How to Extract the Facts with a Web Design Questionnaire

Ariele Sieling posted this on web design questionnaires

Question MarkToday is a good day. Your web design proposal was accepted. This means you have a new client and a new project that you can't wait to get started on. But you're anticipating a few challenges to getting going.

One challenge you might face is usability: how are users going to interact with the site you're designing? If you don't know your client's product that well, getting into the mindset of a user can be difficult. Cost is another challenge: including different elements is going to cost the client different amounts. So what elements are most important, and what exactly will fit into their budget? Fixing problems: sometimes functionality can work great on your end, but keep breaking on the client's end. This is often due to outdated web browsers or changes that were made by the client incorrectly.

These types of problems can cause hiccups throughout the entire duration of the project, and cause endless stress and frustration for both the client and the designer. Although there are many different types of solutions that can be implemented for each different type of problem, there is one overarching solution that can help make everything smoother and simpler.

If you can extract as much information from your client as possible right from the get-go, you will have a head start on a smooth and efficient process. A pre-project web design client questionnaire is a great way to accomplish this.

So, what to ask? How do you get the best information from the client, without wasting their time or yours?

Ask The Right Questions

It may be true that there is no such thing as a stupid question, but there are questions that are more and less helpful in a particular context. The first thing to consider is: what exactly are you trying to learn? Avoid yes or no questions, unless you want a yes or no answer. Include follow-up questions to dig deeper into the topic. Phrase the questions clearly, so there is no confusion about your intent. If necessary, give examples of what you mean.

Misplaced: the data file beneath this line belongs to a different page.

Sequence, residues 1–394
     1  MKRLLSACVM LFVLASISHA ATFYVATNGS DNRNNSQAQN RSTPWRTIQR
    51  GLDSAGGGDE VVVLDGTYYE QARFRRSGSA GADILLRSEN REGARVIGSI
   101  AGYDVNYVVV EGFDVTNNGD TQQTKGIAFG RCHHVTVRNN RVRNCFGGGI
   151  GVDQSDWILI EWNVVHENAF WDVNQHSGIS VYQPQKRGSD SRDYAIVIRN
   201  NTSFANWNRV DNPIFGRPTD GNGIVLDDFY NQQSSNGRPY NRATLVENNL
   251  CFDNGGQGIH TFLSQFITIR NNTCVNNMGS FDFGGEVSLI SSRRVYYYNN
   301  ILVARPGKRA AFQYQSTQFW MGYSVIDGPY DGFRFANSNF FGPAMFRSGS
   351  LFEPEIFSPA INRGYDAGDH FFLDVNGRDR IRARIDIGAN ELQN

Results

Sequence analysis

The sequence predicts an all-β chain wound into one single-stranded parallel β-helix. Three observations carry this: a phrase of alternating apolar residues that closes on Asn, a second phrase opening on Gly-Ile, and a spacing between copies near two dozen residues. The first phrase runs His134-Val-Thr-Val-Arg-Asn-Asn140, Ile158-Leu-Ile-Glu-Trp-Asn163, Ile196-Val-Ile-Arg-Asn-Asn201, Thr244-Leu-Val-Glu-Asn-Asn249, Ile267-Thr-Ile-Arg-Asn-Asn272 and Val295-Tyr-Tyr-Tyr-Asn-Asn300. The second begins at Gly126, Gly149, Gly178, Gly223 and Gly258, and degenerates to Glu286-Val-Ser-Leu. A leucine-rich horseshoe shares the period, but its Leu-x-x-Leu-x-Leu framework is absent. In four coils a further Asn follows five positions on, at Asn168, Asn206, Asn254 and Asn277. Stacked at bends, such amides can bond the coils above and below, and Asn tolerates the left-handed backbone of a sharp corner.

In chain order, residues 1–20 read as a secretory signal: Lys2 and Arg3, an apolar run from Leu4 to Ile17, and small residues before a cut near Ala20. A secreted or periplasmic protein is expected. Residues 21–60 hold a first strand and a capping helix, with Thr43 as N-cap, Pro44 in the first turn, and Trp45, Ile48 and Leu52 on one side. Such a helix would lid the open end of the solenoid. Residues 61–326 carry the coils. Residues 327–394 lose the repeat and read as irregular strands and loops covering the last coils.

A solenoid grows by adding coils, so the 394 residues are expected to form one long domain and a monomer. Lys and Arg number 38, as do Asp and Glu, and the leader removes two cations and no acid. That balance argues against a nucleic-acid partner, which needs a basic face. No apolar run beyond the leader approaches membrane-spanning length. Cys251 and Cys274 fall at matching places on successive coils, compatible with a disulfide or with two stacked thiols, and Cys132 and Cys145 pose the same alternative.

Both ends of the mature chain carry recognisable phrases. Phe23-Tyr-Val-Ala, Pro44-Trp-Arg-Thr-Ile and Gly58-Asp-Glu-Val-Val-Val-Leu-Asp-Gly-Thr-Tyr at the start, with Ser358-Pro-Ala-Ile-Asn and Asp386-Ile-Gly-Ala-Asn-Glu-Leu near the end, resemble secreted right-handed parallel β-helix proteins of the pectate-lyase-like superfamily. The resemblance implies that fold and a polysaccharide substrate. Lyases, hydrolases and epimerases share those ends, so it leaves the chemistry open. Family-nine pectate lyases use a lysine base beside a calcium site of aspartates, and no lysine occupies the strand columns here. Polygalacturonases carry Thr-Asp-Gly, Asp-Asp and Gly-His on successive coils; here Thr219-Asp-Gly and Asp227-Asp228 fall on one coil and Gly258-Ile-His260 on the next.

Example Questions: Do you want a responsive layout? Yes or No. Can you provide me some examples of responsive layouts that you like?

What pages do you want included in your website, and what types of functionality will they need to have? For example, will the pages be linked to inventory, have lead forms, or include parallax designs?

Osmosis questionnaires allow you to ask as many questions as you need to, and organize by topic or idea.

Give The Client Time To Get The Best Answers

Don't ask your client to rush with their answers to the question. They may need time to get answers from other team members who are experts or have experience in an area. If a manager is in charge of your contract, they may have content developers, inventory experts, or IT staff on site who can answer some of your questions.

Example Questions: How do you want inventory to display on non-inventory pages? This question might need to be answered by an inventory specialist.

What kind of interactive elements do you want to be included in the informational pages? For example, infographics, videos, or interactivities. This may need to be answered by the Web Content Manager or Content Developer.

Osmosis questionnaires are designed to let clients fill them out over time. They save as they are being filled out and have areas for file uploads or long sections of text.

Allow Flexibility In The Questionnaire

Although a questionnaire is designed to provide you the answers to specific questions, you can still leave room for your client to provide information you didn't know you needed. Include one or two questions that are generic or broad, and make sure there are plenty of opportunities for the client to write out their answers. You can also include questions that ask at what point there could be changes to the project. This will allow you to ensure that any budget or timeline changes come as no surprise to you or the client.

Question Examples: What other thoughts do you have about this project? Is there any other important information not included in the answers to these questions?

What is the most important outcome of this project to your team?

Are there any circumstances where we might need to deviate from the process we have outlined? What are those circumstances?

Osmosis questionnaires leave plenty of room for flexibility, so that you can design a tool that gets you exactly the answers that you need.

Ask About The Consumers

Although your project may simply be to design a website to the specifications of your client, understanding the consumer of the site will allow you to understand the reasoning behind what the client is asking for. Then, when you hit snags or run up against challenges, you can more easily make rational decisions based on user experience, and have a clearer understanding of why you're doing what you're doing. The other benefit is that you can use this information to upsell other things you can provide. Is the consumer looking for information? Maybe you can provide a chat option. Does the consumer want to buy products? You can create a unique check-out option.

Question Examples: Who is the target consumer for this website?

What types of features would your target consumer be looking for on a site like this?

Don't Hesitate to Ask

The final thing to remember is to never hesitate to ask a question. A client may decline to answer, but if you don't ask, you will never know.

Designing a straightforward, easy-to-use web design questionnaire doesn't have to be a hassle. With Osmosis, you have all the tools you need right at your fingertips. Click to start our free trial today!


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